“At a time when we should be encouraging and supporting all of our state’s entrepreneurs in the hospitality industry to re-open their doors or start new businesses, New York City’s business owners are forced to wait more than five months for the liquor licenses their businesses need to function,” said State Senator Jessica Ramos, the Senate sponsor of the bill that would allow the SLA to grant temporary liquor permits. “My bill will allow the State Liquor Authority to grant temporary alcohol retail permits to businesses in New York City—ensuring the same support and privileges are extended to downstate businesses and all our restaurants have the tools they need to get back on their feet.”
"Thousands of restaurants in New York City have depended on outdoor dining to remain safe and economically viable as COVID-19 related restrictions created unprecedented hardships", said Senator Roxanne J. Persaud. "Given the success of the model, codifying this program into law is crucial to the continued survival of New York City's restaurant industry and countless small businesses."
“The COVID-19 pandemic has taken an immense toll on our restaurants and many of these small businesses have relied on the sale of to-go alcohol as a critical revenue source to help them weather the storm,” said State Senator Brian Benjamin, who is sponsoring a take-out cocktail bill in the Senate. “We now have the opportunity to provide them with some level of economic certainty by extending this program in law and I look forward to working with my colleagues to get this legislation passed this session.”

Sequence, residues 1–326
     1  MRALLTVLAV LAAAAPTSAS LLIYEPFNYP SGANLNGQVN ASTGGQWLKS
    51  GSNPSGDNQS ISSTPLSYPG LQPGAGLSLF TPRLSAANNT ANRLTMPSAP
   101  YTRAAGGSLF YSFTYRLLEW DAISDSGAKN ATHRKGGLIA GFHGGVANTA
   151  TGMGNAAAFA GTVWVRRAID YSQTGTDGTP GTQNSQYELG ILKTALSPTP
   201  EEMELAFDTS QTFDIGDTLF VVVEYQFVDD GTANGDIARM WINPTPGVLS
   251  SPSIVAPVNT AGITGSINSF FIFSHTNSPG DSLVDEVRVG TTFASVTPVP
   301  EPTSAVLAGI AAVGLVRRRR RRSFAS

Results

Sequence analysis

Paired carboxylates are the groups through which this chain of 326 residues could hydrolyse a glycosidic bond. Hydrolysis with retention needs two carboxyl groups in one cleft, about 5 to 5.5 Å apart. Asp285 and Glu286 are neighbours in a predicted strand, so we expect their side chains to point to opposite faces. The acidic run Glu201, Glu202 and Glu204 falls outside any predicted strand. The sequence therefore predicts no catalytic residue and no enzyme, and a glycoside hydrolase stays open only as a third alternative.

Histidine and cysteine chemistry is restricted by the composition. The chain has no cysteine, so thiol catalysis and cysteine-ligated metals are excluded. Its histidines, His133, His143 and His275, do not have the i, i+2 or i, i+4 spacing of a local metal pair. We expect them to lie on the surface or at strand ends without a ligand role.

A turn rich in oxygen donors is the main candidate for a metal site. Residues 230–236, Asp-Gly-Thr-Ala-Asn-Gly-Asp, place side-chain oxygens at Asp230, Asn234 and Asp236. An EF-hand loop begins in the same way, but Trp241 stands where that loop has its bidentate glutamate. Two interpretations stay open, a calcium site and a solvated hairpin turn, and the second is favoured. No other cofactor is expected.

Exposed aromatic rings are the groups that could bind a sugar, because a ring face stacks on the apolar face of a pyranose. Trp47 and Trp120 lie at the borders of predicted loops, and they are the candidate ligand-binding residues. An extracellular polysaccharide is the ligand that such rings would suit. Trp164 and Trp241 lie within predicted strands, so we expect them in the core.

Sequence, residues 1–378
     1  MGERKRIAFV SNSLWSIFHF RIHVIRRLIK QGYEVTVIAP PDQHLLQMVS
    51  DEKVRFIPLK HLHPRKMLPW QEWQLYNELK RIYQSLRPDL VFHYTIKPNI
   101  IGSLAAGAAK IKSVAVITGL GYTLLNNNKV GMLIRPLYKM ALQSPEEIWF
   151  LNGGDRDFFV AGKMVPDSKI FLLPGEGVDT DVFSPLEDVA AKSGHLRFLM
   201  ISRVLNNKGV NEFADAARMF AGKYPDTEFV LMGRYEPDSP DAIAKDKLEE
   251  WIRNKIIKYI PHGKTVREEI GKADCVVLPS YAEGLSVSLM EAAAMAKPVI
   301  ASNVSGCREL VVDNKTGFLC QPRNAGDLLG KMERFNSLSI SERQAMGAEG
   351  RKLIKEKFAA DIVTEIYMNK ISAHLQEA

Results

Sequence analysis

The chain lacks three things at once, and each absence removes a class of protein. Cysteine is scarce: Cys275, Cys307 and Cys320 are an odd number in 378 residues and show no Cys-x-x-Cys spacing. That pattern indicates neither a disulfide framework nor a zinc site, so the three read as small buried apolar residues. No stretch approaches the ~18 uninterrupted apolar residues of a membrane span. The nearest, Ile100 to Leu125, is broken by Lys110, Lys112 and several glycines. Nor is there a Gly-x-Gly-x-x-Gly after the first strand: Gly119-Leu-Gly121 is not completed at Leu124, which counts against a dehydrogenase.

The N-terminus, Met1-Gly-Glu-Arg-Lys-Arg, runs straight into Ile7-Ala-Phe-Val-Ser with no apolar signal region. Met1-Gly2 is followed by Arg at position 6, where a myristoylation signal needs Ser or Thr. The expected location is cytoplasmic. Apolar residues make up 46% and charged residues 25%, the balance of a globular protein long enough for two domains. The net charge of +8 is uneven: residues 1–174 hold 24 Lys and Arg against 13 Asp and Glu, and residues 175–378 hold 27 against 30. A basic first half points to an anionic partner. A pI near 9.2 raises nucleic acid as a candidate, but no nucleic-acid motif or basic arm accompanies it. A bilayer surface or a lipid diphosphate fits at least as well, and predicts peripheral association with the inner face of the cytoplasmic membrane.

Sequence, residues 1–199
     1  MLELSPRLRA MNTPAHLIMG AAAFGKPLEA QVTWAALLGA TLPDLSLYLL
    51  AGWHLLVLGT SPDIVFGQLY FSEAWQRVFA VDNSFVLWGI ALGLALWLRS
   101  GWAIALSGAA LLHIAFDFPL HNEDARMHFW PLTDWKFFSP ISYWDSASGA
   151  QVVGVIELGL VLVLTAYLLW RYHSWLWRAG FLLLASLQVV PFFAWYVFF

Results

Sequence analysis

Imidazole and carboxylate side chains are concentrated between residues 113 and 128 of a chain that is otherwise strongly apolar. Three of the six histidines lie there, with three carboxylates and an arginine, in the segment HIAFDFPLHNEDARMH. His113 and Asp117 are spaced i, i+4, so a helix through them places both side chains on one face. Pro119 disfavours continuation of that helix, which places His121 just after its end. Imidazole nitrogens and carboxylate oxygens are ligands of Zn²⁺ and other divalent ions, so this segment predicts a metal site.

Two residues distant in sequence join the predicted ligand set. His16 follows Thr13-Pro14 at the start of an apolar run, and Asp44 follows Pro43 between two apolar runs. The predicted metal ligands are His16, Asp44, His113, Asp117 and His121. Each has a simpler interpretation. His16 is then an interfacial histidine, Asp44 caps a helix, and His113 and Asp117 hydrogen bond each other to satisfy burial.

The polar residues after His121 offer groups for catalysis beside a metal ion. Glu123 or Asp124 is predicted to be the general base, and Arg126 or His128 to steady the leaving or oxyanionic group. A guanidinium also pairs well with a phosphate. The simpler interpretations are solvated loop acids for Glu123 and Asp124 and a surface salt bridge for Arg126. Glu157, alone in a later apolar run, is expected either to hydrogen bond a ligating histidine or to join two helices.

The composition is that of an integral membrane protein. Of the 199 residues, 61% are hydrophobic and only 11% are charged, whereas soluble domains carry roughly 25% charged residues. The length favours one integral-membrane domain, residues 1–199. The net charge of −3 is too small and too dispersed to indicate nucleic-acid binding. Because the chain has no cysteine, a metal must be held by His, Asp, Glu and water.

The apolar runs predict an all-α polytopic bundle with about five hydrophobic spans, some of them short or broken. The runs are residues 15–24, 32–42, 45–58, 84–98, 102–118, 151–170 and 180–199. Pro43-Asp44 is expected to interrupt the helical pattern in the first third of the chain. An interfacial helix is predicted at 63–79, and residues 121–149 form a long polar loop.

Assemblymember Steven Cymbrowitz, sponsor of a bill to allow to-go alcohol, said, “The ability to sell take-out cocktails with food orders has been an important economic lifeline for numerous restaurants during the pandemic. Codifying this ability in law will provide an ongoing revenue source that will provide stability and help numerous restaurants recover.”
“New York City’s outdoor dining program has been an absolute life saver for countless restaurants who otherwise might not have survived the pandemic,” said Assemblymember Daniel O’Donnell. “It has also been fully embraced by the public and so this bill will ensure that small businesses and New Yorkers alike will be able to continue to enjoy this important program.”
“Outdoor dining as part of the Open Restaurants program has been a lifeline to my business, and to so many other restaurants across the five boroughs. And key to Open Restaurants is that the program allows liquor licensed-establishments to serve alcohol to customers al fresco,” said Melba Wilson, owner of Melba’s in Harlem and president of the NYC Hospitality Alliance. “If lawmakers want to help the industry truly recover and allow our customers to enjoy a glass of wine while dining outdoors then it’s critical lawmakers pass this important legislation to make it so.”